After English pilots started dropping bombs on me I began to reconsider my Anglophiliaby Aleksa Djilas / April 20, 2000 / Leave a comment
Published in April 2000 issue of Prospect Magazine
Jorge luis borges noticed how English friendships begin with avoiding intimacies and are soon transformed into occasional exchanges of books and journals. I was an Anglophile long before I first arrived in England in the early 1970s-to discover with delight that the cliffs of Dover really were white and the police unarmed.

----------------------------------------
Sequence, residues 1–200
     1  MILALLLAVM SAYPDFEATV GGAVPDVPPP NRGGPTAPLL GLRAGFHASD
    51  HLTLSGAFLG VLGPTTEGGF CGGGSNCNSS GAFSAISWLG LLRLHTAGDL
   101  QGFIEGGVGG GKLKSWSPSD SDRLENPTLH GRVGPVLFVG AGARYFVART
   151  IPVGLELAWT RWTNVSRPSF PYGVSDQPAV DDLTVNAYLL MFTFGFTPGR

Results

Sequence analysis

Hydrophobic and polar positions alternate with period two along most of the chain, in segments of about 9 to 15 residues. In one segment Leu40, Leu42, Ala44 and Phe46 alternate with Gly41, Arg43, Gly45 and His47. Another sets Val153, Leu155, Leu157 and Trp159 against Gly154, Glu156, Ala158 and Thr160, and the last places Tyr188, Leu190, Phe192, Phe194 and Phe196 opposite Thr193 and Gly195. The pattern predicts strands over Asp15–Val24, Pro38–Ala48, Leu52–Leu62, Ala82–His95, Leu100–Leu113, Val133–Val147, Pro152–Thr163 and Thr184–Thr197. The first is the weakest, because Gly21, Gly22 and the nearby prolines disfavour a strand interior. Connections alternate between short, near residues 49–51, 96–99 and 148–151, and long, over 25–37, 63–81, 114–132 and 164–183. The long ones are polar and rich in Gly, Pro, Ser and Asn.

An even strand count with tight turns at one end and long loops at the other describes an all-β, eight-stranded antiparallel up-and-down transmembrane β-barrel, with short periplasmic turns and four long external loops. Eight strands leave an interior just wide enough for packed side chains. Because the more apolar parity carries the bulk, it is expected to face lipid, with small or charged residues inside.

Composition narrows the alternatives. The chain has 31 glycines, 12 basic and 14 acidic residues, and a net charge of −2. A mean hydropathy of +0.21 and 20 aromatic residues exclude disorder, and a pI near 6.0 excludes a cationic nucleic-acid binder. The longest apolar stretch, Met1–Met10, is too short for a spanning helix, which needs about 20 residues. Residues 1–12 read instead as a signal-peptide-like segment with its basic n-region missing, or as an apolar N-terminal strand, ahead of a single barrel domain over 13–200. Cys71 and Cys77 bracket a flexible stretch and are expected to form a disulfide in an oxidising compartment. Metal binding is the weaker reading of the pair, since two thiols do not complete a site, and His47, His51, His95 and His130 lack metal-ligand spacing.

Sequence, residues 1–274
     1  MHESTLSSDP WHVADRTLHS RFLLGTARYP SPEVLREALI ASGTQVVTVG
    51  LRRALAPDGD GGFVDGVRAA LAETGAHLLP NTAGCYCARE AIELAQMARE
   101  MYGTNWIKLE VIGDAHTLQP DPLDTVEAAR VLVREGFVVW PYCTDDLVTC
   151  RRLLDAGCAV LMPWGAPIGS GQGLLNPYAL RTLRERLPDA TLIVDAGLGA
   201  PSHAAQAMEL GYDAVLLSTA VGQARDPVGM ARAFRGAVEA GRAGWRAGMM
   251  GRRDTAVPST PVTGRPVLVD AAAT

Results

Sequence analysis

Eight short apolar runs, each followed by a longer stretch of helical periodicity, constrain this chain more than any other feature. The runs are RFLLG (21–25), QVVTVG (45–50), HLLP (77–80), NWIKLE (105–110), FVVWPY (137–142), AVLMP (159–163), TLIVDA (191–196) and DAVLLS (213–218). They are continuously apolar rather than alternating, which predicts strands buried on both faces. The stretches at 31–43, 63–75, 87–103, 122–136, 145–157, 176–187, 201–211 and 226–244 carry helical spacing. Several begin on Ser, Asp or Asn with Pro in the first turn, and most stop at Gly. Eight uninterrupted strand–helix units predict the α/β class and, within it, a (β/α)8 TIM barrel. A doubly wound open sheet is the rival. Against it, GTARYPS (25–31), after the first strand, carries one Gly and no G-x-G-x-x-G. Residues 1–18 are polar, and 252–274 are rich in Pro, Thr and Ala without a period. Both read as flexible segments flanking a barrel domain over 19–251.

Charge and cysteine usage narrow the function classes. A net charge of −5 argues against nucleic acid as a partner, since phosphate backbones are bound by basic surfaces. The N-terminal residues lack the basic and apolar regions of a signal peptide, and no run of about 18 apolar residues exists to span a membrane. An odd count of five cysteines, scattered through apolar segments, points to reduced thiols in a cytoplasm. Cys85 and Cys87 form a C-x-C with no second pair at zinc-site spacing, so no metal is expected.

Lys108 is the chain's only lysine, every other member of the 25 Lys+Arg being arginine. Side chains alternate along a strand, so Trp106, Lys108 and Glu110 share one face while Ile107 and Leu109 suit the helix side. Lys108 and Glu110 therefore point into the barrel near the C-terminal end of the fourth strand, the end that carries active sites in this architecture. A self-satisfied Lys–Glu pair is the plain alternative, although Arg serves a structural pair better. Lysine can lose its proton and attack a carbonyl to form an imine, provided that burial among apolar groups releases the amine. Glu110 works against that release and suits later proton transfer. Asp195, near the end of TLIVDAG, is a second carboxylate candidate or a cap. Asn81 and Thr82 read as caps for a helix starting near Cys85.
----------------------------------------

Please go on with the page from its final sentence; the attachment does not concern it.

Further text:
As the son of the Yugoslav writer and political prisoner Milovan Djilas, I grew up believing in western democracy. Civilised parliamentary England seemed its mother and father. And what about France, where the rights of man and citizen were proclaimed in 1789? For us dissidents in communist Yugoslavia, the word revolution did not rhyme with liberty. Piecemeal English-style reforms were what we wanted. Tito’s regime referred to all pro-western intellectuals as “bourgeois liberals” and this was not entirely wrong. We were the successors of those 19th-century Balkan leaders who wanted to limit the power of kings and often cried: “Anglia docet.” (Vladimir Jovanovic, the father of liberalism in Serbia and a friend of Gladstone, even invented for his son a new name: “Slobodan” means “a free man.” It is, of course, carried by the Serb leader Milosevic-in his case a misnomer.)